We continue today with our series, How To Remix With Ableton. Today we’re going to discuss how to figure out the key of a song by looking at the notes in the melody.
I’m assuming a worst-case scenario here: that you found an acapella on the ground (metaphorical ground) and that you have no idea of the key of the original. But even if you always get all of your clips nicely labeled and warped, this exercise will benefit you greatly!
Once you know the key of a song, you will be able to predict with much greater accuracy the notes that will fit. It will make much easier to make chord changes and write harmony lines, not to mention my favorite part: basslines. Basically, keys are the best.
Of course, this requires some music theory learnin’ that may take you some time to, erm, learn. For those of you who’ve already signed up for the Live Course, we’ll cover this stuff in depth. For everyone else, I’ve made up a handy dandy cheatsheet that includes all of the note, key and chord information that you’ll need for this and the next post. Thank me in your Grammy speech.
So, watch this video and see how I figure out the key of this acapella and next post we’ll talk about how to build new chord changes around this vocal track!
Text below the video
1) Drag an mp3 of melody whose key you’d like to reverse engineer into Ableton.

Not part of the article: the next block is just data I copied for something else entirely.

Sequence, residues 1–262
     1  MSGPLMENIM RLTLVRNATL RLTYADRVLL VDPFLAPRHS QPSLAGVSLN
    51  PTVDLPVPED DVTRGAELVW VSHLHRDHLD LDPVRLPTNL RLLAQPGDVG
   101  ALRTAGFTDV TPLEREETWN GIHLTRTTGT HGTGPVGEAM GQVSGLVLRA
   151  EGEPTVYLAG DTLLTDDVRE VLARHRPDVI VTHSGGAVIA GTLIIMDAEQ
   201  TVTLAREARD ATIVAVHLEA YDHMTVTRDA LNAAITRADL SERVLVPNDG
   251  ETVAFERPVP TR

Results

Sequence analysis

2) Loop a part of the melodic phrase, preferably the section that has the most note variation.
3) Drag a MIDI instrument into its own track. Try to get an instrument with a simple sound; no weird delays or morphing filters.
4) Arm the MIDI instrument and plunk around until you have a list of notes that occur in the melody. Absolutely do not worry about the order or rhythm of these notes.
5) If you can hear any harmony notes (notes that are played at the same time as the melody), put those on your list as well.
6) Take your list of melody notes to the included cheat sheet and try to find which key (rows) include the most notes that overlap with your list. This is mostly a process of elimination.
7) If you find that you can narrow it down to within two adjacent rows, that is close enough to move the next step in most cases. I’ll explain why next time!
Drop me a comment if you have any questions whatsoever!